As the federal government prepares to hand out cash aid to millions of Malaysian households in the next few weeks, the Barisan Nasional (BN) coalition is set to be a major beneficiary in terms of votes in this year’s general election, political analysts and even opposition lawmakers have conceded.
They expect the 1 Malaysia People’s Aid (BR1M) handout to be a swing factor, particularly in rural areas.
“BR1M will provide a huge multiplier effect, not only economically, but to draw votes towards the ruling government,” said Asri Salleh from Universiti Teknologi Mara (UiTM) Terengganu.
“The recipients will mostly be the hardcore poor and urban poor, so it will definitely swing votes.”
This view was echoed by the DAP.
“They’ll have a big impact. Especially in “protecting” their traditional votes in the rural areas … That’s the reason why (the prime minister) keeps postponing polls,” DAP’s Petaling Jaya Utara MP Tony Pua said.
Pua, who is also the DAP Selangor deputy chief, said that Prime Minister Datuk Seri Najib Razak (picture) had missed his chance to call the polls after the first BR1M aid was handed out last year.
“He now knows that he has to call elections within three months of BR1M 2.0 so that the positive effect will not disappear, as people (tend to) forget after three months,” said Pua.
Unlike BN, Pua explained that PR do not have the same financial muscle, especially in states not ruled by them, like Johor, Pahang and Perak, so it will be difficult for them to counter the feel-good effect of BR1M in the rural areas.
A major sum of RM3 billion will be allocated for BR1M 2.0, a more than 40 per cent increase from the RM2.1 billion allocated for the first BR1M.
Datuk Samsol Bari Jamali, Umno Johor information chief, refuted claims that BR1M is a deliberate attempt to sway and ensure votes from a certain segment of the society.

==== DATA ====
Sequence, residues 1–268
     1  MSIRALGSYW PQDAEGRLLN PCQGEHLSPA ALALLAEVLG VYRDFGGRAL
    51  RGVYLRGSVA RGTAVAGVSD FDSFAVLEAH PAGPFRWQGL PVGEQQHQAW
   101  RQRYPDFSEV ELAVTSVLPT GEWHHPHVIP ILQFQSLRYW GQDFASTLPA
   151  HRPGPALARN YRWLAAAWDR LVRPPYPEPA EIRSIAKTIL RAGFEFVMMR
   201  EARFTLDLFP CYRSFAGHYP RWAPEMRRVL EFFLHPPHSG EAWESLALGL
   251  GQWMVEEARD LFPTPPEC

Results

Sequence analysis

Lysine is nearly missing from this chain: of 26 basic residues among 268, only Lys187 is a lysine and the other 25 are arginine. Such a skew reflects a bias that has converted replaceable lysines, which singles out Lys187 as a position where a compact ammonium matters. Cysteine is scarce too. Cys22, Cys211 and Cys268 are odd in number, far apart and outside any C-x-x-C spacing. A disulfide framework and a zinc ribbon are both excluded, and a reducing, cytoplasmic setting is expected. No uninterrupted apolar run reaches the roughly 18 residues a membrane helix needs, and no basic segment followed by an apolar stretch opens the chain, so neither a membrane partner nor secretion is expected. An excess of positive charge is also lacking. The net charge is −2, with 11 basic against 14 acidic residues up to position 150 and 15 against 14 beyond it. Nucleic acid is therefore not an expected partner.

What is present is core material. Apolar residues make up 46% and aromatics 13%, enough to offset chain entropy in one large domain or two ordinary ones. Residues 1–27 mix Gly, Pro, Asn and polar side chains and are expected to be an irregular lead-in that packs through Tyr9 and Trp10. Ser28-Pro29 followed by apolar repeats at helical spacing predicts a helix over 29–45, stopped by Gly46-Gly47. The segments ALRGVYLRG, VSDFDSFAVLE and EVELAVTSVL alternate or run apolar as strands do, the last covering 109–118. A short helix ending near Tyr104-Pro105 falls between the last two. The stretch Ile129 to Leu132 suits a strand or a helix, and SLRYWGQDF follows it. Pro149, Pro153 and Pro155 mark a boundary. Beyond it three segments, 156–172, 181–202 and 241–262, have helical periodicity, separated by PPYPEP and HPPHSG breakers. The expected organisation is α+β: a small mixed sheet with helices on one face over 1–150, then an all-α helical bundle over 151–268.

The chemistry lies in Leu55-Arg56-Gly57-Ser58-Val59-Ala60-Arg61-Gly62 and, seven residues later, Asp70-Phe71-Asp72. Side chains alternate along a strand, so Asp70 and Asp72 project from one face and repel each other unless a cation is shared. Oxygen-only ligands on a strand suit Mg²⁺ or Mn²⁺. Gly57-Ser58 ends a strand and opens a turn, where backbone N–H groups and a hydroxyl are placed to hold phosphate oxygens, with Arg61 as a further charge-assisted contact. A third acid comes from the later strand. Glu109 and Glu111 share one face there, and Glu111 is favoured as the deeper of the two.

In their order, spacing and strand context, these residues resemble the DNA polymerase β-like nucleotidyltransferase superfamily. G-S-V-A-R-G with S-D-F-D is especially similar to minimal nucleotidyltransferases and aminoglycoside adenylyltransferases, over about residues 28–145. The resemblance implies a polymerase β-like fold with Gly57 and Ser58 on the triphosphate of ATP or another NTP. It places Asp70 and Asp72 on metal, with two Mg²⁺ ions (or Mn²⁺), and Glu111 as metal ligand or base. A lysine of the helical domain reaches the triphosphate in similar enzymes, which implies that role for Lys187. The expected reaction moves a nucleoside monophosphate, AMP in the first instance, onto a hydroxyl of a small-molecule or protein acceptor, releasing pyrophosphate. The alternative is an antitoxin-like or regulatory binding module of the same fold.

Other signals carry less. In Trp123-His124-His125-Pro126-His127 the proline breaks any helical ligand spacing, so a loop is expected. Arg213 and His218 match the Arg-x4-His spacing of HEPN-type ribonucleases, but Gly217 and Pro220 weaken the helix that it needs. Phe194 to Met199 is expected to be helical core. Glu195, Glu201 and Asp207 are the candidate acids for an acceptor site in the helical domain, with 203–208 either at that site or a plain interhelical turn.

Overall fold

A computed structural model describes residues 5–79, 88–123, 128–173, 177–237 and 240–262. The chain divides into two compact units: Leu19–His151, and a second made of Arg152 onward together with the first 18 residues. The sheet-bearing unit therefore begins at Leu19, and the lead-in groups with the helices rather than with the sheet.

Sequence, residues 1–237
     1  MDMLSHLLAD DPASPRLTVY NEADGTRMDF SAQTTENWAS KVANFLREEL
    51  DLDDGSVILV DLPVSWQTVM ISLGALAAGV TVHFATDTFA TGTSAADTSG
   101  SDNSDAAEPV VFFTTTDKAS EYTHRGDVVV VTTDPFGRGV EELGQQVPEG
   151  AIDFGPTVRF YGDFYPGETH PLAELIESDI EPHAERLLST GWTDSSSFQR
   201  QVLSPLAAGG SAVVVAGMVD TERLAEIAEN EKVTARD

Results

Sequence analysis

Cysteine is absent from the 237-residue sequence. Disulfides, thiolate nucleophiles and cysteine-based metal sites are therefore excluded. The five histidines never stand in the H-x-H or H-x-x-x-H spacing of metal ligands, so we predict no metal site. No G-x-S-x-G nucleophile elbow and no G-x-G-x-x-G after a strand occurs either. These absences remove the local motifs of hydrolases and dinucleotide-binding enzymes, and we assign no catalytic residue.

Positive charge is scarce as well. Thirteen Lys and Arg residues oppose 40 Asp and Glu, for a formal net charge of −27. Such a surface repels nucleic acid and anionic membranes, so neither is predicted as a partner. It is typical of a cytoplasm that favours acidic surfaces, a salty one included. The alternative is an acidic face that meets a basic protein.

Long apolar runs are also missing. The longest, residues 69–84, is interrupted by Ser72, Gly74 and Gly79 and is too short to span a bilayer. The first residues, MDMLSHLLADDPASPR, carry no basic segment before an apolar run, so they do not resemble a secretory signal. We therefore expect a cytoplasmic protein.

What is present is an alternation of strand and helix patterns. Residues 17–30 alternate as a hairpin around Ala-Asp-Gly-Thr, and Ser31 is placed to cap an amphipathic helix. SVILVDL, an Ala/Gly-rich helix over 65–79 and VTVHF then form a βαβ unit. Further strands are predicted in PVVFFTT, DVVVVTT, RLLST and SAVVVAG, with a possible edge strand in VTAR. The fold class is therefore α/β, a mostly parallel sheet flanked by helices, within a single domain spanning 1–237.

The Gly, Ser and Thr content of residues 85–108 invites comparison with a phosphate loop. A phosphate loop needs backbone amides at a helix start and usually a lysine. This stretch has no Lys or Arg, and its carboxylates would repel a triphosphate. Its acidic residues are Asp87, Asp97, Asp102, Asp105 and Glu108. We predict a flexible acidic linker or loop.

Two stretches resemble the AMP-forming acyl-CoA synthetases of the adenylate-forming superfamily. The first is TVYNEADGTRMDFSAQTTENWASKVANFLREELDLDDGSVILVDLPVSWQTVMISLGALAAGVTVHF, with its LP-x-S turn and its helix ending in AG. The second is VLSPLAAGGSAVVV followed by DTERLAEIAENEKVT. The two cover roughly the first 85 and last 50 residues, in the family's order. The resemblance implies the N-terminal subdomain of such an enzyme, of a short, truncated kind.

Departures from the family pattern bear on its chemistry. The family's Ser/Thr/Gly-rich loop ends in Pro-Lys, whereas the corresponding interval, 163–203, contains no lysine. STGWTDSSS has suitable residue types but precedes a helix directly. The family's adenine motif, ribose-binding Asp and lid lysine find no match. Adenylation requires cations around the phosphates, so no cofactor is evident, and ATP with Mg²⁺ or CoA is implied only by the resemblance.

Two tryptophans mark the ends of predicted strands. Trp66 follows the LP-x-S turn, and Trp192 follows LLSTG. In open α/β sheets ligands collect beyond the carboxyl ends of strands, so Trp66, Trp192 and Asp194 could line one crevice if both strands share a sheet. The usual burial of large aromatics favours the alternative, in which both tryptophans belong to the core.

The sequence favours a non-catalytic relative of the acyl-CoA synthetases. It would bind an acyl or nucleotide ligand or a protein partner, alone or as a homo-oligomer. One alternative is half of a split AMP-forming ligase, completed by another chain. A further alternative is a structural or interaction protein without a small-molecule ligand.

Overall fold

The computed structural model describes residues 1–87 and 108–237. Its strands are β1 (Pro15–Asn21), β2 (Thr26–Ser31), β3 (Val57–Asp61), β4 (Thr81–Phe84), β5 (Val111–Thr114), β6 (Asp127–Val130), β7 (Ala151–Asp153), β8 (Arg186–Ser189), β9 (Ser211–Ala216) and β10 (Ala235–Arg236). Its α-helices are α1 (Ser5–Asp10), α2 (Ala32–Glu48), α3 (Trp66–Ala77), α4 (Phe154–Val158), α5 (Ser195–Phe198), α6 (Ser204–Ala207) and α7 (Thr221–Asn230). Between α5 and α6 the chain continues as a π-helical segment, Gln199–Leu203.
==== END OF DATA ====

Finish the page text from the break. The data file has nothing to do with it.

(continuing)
“If BR1M is really for the election, how come the government has started giving it even from last year?.
“BR1M is not a BN thing, it is a manifestation of the government’s promise to the people,” Samsol Bari argued.
Professor Dr Jayum Jawan, a political scientist from Universiti Putra Malaysia (UPM) said that he will not be surprised if BR1M swings the vote of Malaysians towards BN, but criticised the one-off handouts practised by the government.
“If BN wants to capture the hearts of the voters, they need a more comprehensive and sustainable economic blueprint which will involve as many citizens as possible,” offered Jayum.
“BR1M is one-off, people are aware that it is just for the election,” Jayum said.
More than 2.3 million applications had been received for BR1M 2.0 as at December 17, with more than 1.6 million of the applications from single unmarried people and more than 720,000 from households.
Malaysians with a household income of less than RM3,000 a month are eligible for the one-off RM500 cash aid, while single unmarried individuals aged 21 and above and earning not more than RM2,000 a month are eligible for a one-off RM250 aid.
BR1M 2.0 is expected to benefit 4.3 million households and 2.7 million single unmarried individuals, compared to 4.2 million people for the first BR1M last year.